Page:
Sunlight shining in windows, particularly those on the east and west sides of the house, usually adds the largest amount of unwanted summertime heat. In addition, the sun heats up the roof and walls of the house, increasing heat conduction to the interior. With no shading of east and west windows, the interior temperature of a typical house could rise as much as 20°F on a hot day, either making your air conditioner work a lot harder, or making you a lot less comfortable.

The best way to eliminate solar heat gain is to provide effective shading. Use horizontal trellises above east- and west-facing windows, which collect more summer sun than the others. Plant tall trees (prune lower branches so as not impede summer breezes), or use awnings wider than the windows to provide shade. If you have a choice, place porches, sheds, and garages on east and west walls to provide further shading. Unless you have extensive areas of south glass, the south wall should not require summer shading because the summer sun is at too high an angle to cause much of a problem. Planting evergreen trees in front of south windows, however, will block beneficial winter gains.

If you’re replacing windows, put in high-performance windows with low-e glazings that look perfectly clear yet block out a large percentage of unwanted heat gain. It makes sense to install windows with low solar heat gain coefficients (SHGC) on west and east walls, where heat gain from the sun is the greatest in the summer. Windows with high SHGC make more sense on the south walls, especially when you want to benefit from passive solar heating during the winter months. Another way to reduce solar gain through windows is to install drapes with light-colored linings or operable blinds that will reflect  sunlight back outside. Vertical blinds are particularly effective on east-  and west-facing windows. Also choose lighter colors for roofs and walls to reflect sunlight and reduce conductive heat gain.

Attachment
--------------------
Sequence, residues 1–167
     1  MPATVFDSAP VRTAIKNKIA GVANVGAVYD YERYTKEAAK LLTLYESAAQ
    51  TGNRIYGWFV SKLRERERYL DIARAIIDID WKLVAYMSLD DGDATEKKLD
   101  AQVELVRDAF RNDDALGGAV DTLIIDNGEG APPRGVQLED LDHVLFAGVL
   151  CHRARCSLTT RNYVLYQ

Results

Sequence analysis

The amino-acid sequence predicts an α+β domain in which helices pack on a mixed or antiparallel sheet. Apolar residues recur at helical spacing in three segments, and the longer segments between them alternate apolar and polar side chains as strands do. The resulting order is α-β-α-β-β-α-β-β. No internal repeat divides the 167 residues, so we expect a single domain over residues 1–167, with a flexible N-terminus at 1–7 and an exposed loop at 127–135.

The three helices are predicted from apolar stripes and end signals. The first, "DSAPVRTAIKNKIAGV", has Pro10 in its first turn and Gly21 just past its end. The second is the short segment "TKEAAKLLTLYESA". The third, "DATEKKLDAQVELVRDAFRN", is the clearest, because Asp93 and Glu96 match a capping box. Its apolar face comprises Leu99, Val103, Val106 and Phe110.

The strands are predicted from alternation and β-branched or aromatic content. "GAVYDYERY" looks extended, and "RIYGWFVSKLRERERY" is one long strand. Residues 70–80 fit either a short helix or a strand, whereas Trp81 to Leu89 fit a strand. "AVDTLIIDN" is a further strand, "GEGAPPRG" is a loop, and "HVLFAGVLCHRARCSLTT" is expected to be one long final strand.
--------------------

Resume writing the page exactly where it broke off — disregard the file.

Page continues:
Natural air conditioning with air movement and ventilation

Ceiling fans work to cool by creating a low-level “wind chill” effect throughout a room. As long as indoor humidity isn’t stifling, they can be quite effective. If your fan has a motor that can spin in either direction, you can use it to lower your energy costs all year round. During the summer, a counter-clockwise motion creates a breeze. In the winter, a clockwise motion creates an updraft that keeps warm air in the occupied space. Fans should have multiple speed settings so that airflow can be reduced at lower temperatures. When shopping for a ceiling fan, look for the ENERGY STAR label. ENERGY STAR ceiling fans provide more effective fan cooling with less energy by using improved blade design, offering more control options, and including high efficiency light kits. If you already have a ceiling fan, make sure to adjust the blades when needed to minimize wobbling. You can also reduce the energy the fan uses by replacing the lighting component with one certified by ENERGY STAR. As an added bonus, these light kits require fewer bulb changes. Also, remember that fans cool people - they don’t actually reduce room temperature - so turn it off when you leave the room. 


Stay Connected.
You've been added to our mailing list.
Thank you for signing up!
Like ecolife on Facebook & Google, and join us in the Green movement!